The title of the album, Bathhouse Betty, refers to Midler‘s early career when she performed her cabaret shows at gay bathhouses like the Continental Baths in New York which led to her becoming a gay icon with a loyal LGBT following ever since. When Midler promoted the album she said in an interview “Despite the way things turned out [with the AIDS crisis], I’m still proud of those days [when I got my start singing at the gay bathhouses]. I feel like I was at the forefront of the gay liberation movement, and I hope I did my part to help it move forward. So, I kind of wear the label of ‘Bathhouse Betty’ with pride.”
Released some twenty-five years after Midler’s breakthrough with the album The Divine Miss M, Bathhouse Betty was musically a comeback and a return to her roots and her high camp Mae-West-meets-the-Andrews-Sisters stage persona of the same name. The second single “I’m Beautiful Dammitt!“â€”in fact not an original but a remake of a song by house music group Uncanny Allianceâ€”even opens with the spoken line “This is the Divine Miss M and I’m here to share with you some rare and stimulating insight about my cosmic fabulosity!” and effectively set the tone for the following album.
“Ukulele Lady”, a tribute to Midler’s native Hawaii which she had first performed live in the 1997 TV special Diva Las Vegas, is an old evergreen written by Gus Kahn and Richard A. Whiting, published in 1925 and first made famous by Vaughn De Leathâ€”and later covered by among others Miss Piggy on The Muppet Show. Other cover versions on Bathhouse Betty include early girl group classics like Patti LaBelle and the Bluebelles‘ debut single “I Sold My Heart to the Junkman” and 1950’s R&B chanteuse Big Maybelle’s “One Monkey Don’t Stop No Show”, the latter featuring swing-rock band Royal Crown Revue. Contemporary covers include Ben Folds’ tragicomic “Boxing”, an imagined monologue by Muhammad Ali, originally featured on Ben Folds Five’s 1995 self-titled debut album, Dave Frishberg’s “I’m Hip” and Dick Gallagher and Mark Waldrop’s “Laughing Matters”, taken from Howard Crabtree’s 1996 gay musical revue When Pigs Fly. “Big Socks“, an original written and produced by Chuckii Booker, is a tongue-in-cheek contemporary R&B track whose lyrics debate the supposed correlation between the size of men’s feet and other body parts; “Don’t brag about your body, baby, and say that you’re packin’ a lot, ’cause all I see besides your big feet is that you got big socks.”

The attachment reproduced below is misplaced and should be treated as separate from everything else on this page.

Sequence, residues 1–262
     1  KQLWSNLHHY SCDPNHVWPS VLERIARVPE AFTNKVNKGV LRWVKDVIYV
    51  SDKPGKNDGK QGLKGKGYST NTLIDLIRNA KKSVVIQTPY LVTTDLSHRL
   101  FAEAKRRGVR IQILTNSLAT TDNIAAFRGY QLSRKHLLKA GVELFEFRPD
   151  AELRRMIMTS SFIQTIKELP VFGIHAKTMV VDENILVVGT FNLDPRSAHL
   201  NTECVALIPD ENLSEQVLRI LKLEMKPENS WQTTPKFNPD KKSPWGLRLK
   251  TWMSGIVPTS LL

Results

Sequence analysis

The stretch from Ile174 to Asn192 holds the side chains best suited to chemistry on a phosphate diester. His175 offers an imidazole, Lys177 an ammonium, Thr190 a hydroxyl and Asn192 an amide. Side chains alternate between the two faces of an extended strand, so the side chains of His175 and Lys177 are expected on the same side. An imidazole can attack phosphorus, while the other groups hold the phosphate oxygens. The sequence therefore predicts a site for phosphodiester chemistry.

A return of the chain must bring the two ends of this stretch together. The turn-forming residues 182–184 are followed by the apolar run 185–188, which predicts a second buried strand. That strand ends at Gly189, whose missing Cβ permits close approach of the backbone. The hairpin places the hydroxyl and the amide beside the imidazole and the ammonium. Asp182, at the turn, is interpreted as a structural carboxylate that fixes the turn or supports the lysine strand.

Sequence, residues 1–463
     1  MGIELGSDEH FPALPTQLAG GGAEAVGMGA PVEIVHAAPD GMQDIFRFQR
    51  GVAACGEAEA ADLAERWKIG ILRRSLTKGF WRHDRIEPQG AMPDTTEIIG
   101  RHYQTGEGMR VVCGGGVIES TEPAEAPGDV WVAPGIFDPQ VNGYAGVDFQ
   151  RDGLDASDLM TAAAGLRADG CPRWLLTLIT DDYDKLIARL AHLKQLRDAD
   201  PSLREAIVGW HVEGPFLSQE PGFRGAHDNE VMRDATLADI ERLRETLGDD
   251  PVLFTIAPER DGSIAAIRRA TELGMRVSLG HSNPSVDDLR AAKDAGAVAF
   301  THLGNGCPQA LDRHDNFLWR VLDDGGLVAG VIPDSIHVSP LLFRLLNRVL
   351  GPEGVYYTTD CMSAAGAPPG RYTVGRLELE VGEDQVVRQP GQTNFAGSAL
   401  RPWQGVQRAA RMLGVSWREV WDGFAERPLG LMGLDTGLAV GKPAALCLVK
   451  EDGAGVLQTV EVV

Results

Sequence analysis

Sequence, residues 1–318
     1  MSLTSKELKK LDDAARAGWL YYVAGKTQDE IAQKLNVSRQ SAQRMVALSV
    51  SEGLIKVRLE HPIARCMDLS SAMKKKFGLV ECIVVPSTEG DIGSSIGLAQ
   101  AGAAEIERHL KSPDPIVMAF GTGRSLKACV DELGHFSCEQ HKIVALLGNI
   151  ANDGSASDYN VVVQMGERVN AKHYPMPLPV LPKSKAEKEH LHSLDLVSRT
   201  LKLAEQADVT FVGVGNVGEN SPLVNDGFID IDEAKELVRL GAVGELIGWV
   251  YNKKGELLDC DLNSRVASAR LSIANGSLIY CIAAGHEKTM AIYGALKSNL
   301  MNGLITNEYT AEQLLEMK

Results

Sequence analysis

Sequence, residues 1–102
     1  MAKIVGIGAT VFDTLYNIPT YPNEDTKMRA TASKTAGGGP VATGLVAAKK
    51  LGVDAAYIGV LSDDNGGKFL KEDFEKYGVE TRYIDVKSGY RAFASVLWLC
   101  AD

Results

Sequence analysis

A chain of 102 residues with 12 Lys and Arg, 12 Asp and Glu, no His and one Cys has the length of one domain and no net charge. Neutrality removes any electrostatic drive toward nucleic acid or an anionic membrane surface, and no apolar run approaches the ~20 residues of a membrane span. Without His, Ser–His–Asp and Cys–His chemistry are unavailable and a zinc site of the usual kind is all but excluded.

Bathhouse Betty was not all campiness and laughs; the album opens with the ballad “Song of Bernadette” written by Leonard Cohen, Bill Elliott and Jennifer Warnes, and first recorded by Warnes on her 1987 album Famous Blue Raincoat. The title and the lyrics of the song refer to Bernadette Soubirous, a young French girl in the mid-19th century who claimed to have seen the Virgin Mary on several occasions. Bernadette was subsequently declared insane by the villagers of Lourdes, but canonized by the Catholic Church and proclaimed Saint Bernadette after her death. “Lullaby in Blue”, which Midler described as her personal favourite on the album, was co-written by Leonard Cohen’s son Adam and is a song about a woman who gave up a child for adoption: “I’ve never heard a pop song about a person who gives their child up and is missing the child… The first time I heard that song, I burst into tears.” The first single released from the album was the melancholy “My One True Friend”, composed by David Foster, Carole King and Carole Bayer Sager and the lead song from the movie One True Thing which starred Meryl Streep and William Hurt.
One track from the Bathhouse Betty sessions, Julie Gold’s “Heaven”, was only released as a single B-side and featured as a bonus track on the Japanese edition of the album. Gold had previously written Midler’s 1990 hit single “From a Distance”.
Bathhouse Betty reached number 32 on the Billboard 200; “My One True Friend” reached number 16 on the Adult Contemporary chart. Meanwhile, “I’m Beautiful”, which featured dance remixes by among others Victor Calderone, Danny Tenaglia and composer Brinsley Evans himself, was a major dance-floor hit, becoming a number 1 on the Hot Dance Club Play chart and number 8 on Hot Dance Music/Maxi Singles Sales.